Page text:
RIDGWAY – There were two discussion items on the agenda at this Monday’s work session of the Ridgway School Board: an update on district office staffing, and a discussion of CDE growth data.
But sub-context hung heavy in the room, following the ongoing saga surrounding the fate of Ridgway School District Superintendent Cheryl Gomez (who has resigned) and Secondary School Principal Jim Bob Hobbs; and the deep rift that has formed on the Ridgway School Board between Bart Skalla and his fellow board members.
Skalla deterred School Board President Roger Sagal’s attempts to stick to the agenda by reading a prepared statement at the outset of the meeting that brought all of the recent angst front and center once again.
“It is not this board’s job to say whether I resign,” Skalla declared, alluding to the recent demands of all four of his fellow board members that he step down from his position on the board.
At a meeting last week, Skalla accused fellow board member Greg Lawler of “either lying or misunderstanding” an articulated plan to “undermine the school administration and this board.” In his prepared statement on Monday, Skalla retracted this accusation.
“What I did say is that I employed insurgency tactics in an attempt to do what is right for this school district,” Skalla clarified, “in same spirit as American peasants rebelling against tyranny in the 1770s…. When tyranny is law, rebellion becomes duty,” he said, quoting Thomas Jefferson.
Skalla stressed that although his tactics may be divisive, he has the best interests of Ridgway School District’s teachers, and students, at heart. He proposed to “end the war, come together and celebrate and preserve good things that have been done here, and…get back to business of educating our children.”
About 10 people from the community were in the audience Monday, many with hopes of learning more about the fate of Hobbs, whose contract has still not been formally renewed. But Sagal asked the board to set aside a day for another work session later this month to work toward resolution on this and other matters.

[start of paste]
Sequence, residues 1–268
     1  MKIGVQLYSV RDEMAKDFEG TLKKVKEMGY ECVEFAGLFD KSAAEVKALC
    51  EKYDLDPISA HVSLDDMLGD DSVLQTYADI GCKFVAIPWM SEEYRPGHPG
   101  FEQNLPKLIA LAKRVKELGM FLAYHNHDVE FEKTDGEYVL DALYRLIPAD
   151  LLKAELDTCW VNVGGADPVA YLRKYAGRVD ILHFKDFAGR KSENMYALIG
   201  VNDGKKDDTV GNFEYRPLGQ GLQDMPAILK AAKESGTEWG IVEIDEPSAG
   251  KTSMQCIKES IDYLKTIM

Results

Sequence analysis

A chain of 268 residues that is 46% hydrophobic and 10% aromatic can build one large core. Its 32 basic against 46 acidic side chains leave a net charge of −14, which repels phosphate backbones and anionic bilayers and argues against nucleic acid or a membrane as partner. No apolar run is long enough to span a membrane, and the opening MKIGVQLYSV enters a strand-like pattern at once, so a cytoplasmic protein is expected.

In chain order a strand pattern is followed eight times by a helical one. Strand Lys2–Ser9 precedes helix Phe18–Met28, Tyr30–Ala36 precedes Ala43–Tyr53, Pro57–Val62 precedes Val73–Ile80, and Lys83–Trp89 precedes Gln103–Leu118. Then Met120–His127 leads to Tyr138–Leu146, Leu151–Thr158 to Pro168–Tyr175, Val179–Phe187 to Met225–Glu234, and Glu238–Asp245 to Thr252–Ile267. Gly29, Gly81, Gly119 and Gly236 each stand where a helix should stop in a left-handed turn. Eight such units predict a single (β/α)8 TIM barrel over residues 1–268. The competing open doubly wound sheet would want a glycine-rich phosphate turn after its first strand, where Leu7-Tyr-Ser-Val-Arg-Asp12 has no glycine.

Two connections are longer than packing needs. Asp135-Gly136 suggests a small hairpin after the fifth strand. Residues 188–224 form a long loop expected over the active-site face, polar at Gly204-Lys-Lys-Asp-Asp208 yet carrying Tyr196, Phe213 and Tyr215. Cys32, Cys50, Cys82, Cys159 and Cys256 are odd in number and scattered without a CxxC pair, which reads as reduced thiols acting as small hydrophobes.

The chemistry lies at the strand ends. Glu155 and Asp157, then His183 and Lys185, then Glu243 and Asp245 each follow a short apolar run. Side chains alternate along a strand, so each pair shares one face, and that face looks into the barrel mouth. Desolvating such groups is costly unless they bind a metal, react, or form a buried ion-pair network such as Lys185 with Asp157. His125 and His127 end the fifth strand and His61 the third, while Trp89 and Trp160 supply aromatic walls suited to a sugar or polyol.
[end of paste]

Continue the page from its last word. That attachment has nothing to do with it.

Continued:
“There are a lot of unresolved issues in respect to Mr. Hobbs,” Sagal said. “I don’t want to get into that today. I want to have an intelligent, civil discussion about what is going on in our school rather than a debate about personnel.”
The board touched briefly on the situation at the district office, where Sagal said there are “significant vacancies” following the resignations of two staffers there, before moving on to a broad, inconclusive discussion of what Colorado Department of Education data is saying about the performance of students in the Ridgway School District.
Several board members pointed to data indicating recent dips in student performance, while Hobbs presented data that showed students, and the district, are excelling. The board concurred that different trends can be derived depending on how the data is interpreted, and whether one is looking at “snapshot data” of a particular class in a particular year, versus longitudinal data.
The discussion also revealed a need for more opportunities for collaboration between the faculty and administration on elementary and secondary campuses to create better alignment. Hobbs said that this kind of collaboration has not taken place recently due to the upheaval in the district administration.
But on the whole, although there are areas that need improvement, Sagal concluded, “The sky is not falling” in regard to student performance in the district.
Sagal confirmed that following Gomez’s recent resignation, interim superintendent Steve Smith “will be on campus next week,” but that there is not a definitive timeline as of yet for initiating a search for a new permanent superintendent.
“We will do that as soon as possible but we have to be realistic,” Sagal said. “We have been dealing with personnel for three months now, and we have to return to normalcy, and let the interim do his job.”
The Ridgway School Board will meet for another work session on April 24. “We are working seven days a week in terms of administrative issues,” Sagal said. “People are curious about what’s happening and at the appropriate time we will make a statement and start informing people.”
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